Interactive Investor

Must read: gold, oil, bitcoin, Vistry

Our head of investment rounds up the morning's big news.

23rd October 2023 09:08

by Victoria Scholar from interactive investor

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European markets have opened mixed after a tough session for global indices on Friday with the Nasdaq shedding over 1.5%. Sentiment and risk appetite appear to have picked up slightly this morning with safe-haven gold retreating from five-month highs and oil prices easing thanks to diplomatic efforts in the Middle East.

However, the FTSE 100 is still struggling, weighed down by miners like Fresnillo (LSE:FRES), Antofagasta (LSE:ANTO), Glencore (LSE:GLEN) and Anglo American (LSE:AAL), which are trading near the bottom of the UK blue-chip basket. This is on the back of weakness in China with the CSI 300 hitting a more than four-year low overnight.

Bitcoin, meanwhile, is staying gains, up around 2.5% today and is up over 15% in the last month. It is trading above $30,700 driven by hopes that a US bitcoin ETF could be approved. Ahead of next year’s bitcoin halving, Morgan Stanley said thecrypto winter may be in the past and that crypto spring is likely on the horizon.” Other cryptos like Ethereum and Litecoin are also up sharply.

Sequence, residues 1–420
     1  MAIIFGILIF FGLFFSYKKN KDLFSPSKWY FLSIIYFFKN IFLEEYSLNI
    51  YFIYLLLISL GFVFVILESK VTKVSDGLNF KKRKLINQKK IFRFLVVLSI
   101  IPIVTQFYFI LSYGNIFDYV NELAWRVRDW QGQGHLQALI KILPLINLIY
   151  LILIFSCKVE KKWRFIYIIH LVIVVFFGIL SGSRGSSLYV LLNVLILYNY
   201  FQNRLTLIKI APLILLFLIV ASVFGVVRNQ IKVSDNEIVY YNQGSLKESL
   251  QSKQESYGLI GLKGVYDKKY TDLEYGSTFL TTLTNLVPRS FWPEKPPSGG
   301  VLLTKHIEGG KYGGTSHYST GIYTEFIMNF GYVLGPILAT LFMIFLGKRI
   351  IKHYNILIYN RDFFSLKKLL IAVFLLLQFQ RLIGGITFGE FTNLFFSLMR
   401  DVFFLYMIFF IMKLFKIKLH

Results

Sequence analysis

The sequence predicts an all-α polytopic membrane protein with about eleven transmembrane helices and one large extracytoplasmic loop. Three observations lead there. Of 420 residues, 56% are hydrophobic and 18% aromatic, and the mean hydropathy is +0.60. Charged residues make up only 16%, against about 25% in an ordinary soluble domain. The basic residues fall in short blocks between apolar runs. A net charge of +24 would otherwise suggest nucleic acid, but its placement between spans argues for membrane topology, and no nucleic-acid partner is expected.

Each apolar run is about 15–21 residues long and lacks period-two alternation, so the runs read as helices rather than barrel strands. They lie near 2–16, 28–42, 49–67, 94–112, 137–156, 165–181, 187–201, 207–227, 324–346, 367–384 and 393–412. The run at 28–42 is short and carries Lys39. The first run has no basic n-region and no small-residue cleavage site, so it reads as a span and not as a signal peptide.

Vistry Group (LSE:VTY) lowered its annual profit forecast and announced plans to cut 200 jobs as part of its restructuring plans. The housebuilder anticipates full-year pre-tax profit will hit £410 million, downgraded from its previous estimate of £450 million. It also said average net debt is likely to be higher than previously expected.

Vistry has been focusing on building affordable homes by working with local governments. But build cost inflation, strong wage growth, falling house prices and rising interest rates have been taking their toll, resulting in a slowdown in activity over summer. Plus, Vistry said it had not seen the normal seasonal pick-up since September.

Last month, Vistry shares surged after it announced plans to focus on affordable homes and said it was planning to return £1 billion to shareholders over the next three years.

Shares in Vistry have opened sharply lower this morning reflecting the reduction in its profit outlook, with the stock extending its recent losses, down around 10% in the past six months. Earlier in October, Jefferies downgraded the stock to a hold from a buy amid cautiousness among analysts towards the sector.

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